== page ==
Amazon wins two Oscars for ‘Sound of Metal;’ Netflix leads all studios with seven wins
Amazon picked up two Oscars Sunday night during the 93rd Academy Awards as the annual celebration of the best in film took on a more subdued approach because of the pandemic.
Amazon’s wins: Amazon Studios entered the night with 12 nominations, including six for “Sound of Metal,” the story of a heavy metal drummer who loses his hearing. The film won for sound and film editing before losing out in the best picture and best actor categories, where Riz Ahmed was nominated.
— Amazon Studios (@AmazonStudios) April 26, 2021
Microsoft Chief Accessibility Officer Jenny Lay-Flurrie, who is deaf, was among those tweeting her approval of Ahmed:
“True listening, true communication goes far beyond what we can hear with our ears, it’s something we do with our entire bodies.. “@rizwanahmed talking about learning #ASL at #Oscars pic.twitter.com/rWkYfkenLc
— Jenny Lay-Flurrie (@jennylayfluffy) April 26, 2021
Amazon Studio’s “One Night in Miami” and “Borat Subsequent Moviefilm” also got multiple nods. Amazon received one nomination last year, in the foreign film category, and won three Oscars in 2017 — a first for a streaming service.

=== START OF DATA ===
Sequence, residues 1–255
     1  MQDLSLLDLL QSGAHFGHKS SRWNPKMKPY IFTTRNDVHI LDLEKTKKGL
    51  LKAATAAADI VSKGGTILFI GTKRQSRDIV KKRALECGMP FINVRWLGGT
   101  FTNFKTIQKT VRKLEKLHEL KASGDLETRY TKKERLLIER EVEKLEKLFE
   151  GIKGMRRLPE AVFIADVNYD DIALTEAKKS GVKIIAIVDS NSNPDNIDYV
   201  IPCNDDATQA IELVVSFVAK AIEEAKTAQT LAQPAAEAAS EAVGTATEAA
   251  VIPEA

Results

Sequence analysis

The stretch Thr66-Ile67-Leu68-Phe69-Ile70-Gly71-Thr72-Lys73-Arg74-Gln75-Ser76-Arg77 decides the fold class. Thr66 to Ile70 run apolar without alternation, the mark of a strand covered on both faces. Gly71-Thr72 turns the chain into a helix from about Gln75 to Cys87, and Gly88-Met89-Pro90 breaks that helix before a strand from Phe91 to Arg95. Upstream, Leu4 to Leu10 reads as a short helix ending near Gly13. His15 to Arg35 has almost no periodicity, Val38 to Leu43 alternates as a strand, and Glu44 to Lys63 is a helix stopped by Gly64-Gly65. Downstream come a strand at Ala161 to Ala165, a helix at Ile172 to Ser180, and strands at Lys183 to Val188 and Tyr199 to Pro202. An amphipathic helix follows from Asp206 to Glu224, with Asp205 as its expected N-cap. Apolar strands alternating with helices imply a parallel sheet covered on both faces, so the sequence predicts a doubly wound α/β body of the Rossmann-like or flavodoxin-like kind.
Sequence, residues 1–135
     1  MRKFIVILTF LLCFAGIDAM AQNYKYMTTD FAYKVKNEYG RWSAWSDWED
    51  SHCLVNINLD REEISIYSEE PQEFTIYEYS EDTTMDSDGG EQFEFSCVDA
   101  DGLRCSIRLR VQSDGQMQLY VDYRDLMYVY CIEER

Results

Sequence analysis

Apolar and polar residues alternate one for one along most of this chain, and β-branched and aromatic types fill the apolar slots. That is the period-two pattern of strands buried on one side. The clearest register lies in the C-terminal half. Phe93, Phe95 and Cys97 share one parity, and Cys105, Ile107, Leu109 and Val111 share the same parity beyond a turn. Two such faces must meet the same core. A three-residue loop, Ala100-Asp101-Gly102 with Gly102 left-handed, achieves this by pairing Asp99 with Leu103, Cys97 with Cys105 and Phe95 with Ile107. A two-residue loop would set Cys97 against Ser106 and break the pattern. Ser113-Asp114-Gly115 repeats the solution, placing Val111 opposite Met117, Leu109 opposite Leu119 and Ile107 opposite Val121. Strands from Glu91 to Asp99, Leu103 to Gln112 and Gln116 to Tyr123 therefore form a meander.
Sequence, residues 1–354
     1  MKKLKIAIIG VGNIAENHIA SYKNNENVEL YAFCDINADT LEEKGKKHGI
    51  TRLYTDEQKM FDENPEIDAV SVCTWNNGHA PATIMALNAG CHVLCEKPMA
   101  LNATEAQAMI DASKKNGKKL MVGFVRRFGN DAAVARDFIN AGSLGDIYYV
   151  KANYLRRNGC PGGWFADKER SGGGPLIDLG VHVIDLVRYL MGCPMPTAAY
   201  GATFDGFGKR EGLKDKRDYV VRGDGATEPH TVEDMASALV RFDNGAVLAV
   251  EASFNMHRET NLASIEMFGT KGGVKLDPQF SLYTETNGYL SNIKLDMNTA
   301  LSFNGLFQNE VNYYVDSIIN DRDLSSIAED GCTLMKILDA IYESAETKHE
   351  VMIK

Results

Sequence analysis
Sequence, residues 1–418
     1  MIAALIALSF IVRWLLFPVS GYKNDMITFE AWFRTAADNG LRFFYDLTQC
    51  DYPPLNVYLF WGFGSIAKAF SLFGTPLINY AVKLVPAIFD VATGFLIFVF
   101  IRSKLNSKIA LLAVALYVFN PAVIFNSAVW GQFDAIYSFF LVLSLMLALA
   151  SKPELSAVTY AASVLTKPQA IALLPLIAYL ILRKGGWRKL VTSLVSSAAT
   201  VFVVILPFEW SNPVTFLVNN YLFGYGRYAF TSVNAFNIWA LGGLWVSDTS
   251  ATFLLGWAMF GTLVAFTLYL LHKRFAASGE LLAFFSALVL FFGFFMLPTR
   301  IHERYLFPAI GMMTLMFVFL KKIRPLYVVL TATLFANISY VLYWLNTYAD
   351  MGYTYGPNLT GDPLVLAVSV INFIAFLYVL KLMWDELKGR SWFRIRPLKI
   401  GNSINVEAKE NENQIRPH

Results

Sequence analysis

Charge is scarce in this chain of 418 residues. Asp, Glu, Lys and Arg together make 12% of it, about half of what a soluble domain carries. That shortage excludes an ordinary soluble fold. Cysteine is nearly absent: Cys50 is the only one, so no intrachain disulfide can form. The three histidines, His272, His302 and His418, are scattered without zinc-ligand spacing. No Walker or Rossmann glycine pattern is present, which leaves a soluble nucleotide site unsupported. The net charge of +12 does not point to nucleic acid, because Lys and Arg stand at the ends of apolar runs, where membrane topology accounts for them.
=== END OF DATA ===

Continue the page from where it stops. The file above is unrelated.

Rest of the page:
Streaming success: Netflix entered the night with a leading 36 nominations and walked away with seven Oscars, tops among all studios. David Fincher’s “Mank,” a behind-the-scenes drama about the making of “Citizen Kane,” had 10 nominations and won two awards. “Ma Rainey’s Black Bottom” won for makeup and hairstyling. Netflix also won Oscars for documentary feature (“My Octopus Teacher”); live-action short (“Two Distant Strangers”); and animated short film (“If Anything Happens I Love You”).
Top film: “Nomadland” won a few of the top prizes of the night, including best picture. The film stars Frances McDormand as a woman who travels the country in her van, interacting with a community of people she meets at various places and jobs — including at an Amazon fulfillment center. McDormand won the best actress prize and Chloé Zhao won for best director. Zhao made history as the first woman of Asian descent and the second woman ever to win best director.
Different look and feel: The ceremony was held at Union Station in Los Angeles rather than the swanky Dolby Theater. Rather than a large audience, the in-person crowd consisted mostly of nominees (although some were still virtual) seated at intimate tables. There was no host, but there were a series of presenters, including Regina King, director of Amazon’s Oscar-nominated “One Night in Miami,” who opened the show as the first presenter.